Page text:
Accord­ing to UN fig­ures, there were 19.5 mil­lion refugees world­wide at the end of 2014. The num­ber of peo­ple inter­nal­ly dis­placed by per­se­cu­tion, war or con­flict reached a record num­ber of near­ly 60 mil­lion peo­ple. Then we have all the num­bers who scram­ble from place to place because of their eco­nom­ic con­di­tions. We move to sur­vive, not to cause trou­ble or dis­com­fort for oth­er peo­ple.

Which Way Justice

Which Way Justice

Take 2 min­utes, Google “eco­nom­ic jus­tice info-graph­ics,” and we can find plen­ty of stag­ger­ing infor­ma­tion on eco­nom­ic inequal­i­ty. Check out Rick Wolff, lis­ten to his very acces­si­ble lec­tures or read his work for indis­pens­able the­o­ry and knowl­edge to turn around our eco­nom­ic real­i­ty. Not only is eco­nom­ic injus­tice dev­as­tat­ing for us in the U.S., it’s our num­ber one export.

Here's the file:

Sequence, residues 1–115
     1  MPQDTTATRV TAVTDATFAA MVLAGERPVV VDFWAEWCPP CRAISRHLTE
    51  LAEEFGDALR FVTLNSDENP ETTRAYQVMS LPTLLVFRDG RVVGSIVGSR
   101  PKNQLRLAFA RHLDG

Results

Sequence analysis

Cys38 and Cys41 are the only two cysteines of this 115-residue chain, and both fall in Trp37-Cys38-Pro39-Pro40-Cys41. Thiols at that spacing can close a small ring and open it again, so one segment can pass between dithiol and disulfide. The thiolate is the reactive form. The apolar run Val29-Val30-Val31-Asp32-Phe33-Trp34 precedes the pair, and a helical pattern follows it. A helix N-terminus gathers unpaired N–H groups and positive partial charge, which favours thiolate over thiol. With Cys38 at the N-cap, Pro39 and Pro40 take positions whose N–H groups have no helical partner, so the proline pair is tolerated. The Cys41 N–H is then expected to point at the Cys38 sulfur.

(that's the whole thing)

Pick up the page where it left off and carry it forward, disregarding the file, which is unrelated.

Austerity

 

Austerity

What is aus­ter­i­ty pol­i­tics? It is cry­ing “NO MONEY” to cut human ser­vices,  the oxy­gen of large seg­ments of human­i­ty,  destroy­ing the life chances of far too many. It is cry­ing “NO MONEY” while the wealthy bla­tant­ly engage in a super fren­zy of spend­ing. flaunt­ing and hoard­ing. It is cry­ing “NO MONEY” while the US mil­i­tary spends spends spends to destroy peo­ple all over the world. THERE IS MONEY! Put it in the right places.

Wars Rage, Cities Crumble

A soci­ety bent on war can­not take care of its own. When we destroy the lives, homes, and pos­si­bil­i­ties of peo­ple around the world we can­not fund, pro­tect or nur­ture own lives, homes and pos­si­bil­i­ties. We destroy our­selves.  With a col­lec­tive fist, which should hold right­eous­ness and gen­eros­i­ty, we hand over our own lifeblood to forge a relent­less attack on the human rela­tions we have nev­er both­ered to know. We acqui­esce in a ter­ri­ble deci­sion. Or do we?

Commune (The Verb)